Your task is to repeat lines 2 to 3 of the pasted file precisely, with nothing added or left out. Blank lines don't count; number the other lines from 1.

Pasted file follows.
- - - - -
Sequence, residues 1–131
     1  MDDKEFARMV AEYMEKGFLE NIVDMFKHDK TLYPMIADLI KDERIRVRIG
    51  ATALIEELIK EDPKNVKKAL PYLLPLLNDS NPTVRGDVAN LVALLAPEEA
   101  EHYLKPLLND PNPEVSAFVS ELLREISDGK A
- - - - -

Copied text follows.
     1  MDDKEFARMV AEYMEKGFLE NIVDMFKHDK TLYPMIADLI KDERIRVRIG
    51  ATALIEELIK EDPKNVKKAL PYLLPLLNDS NPTVRGDVAN LVALLAPEEA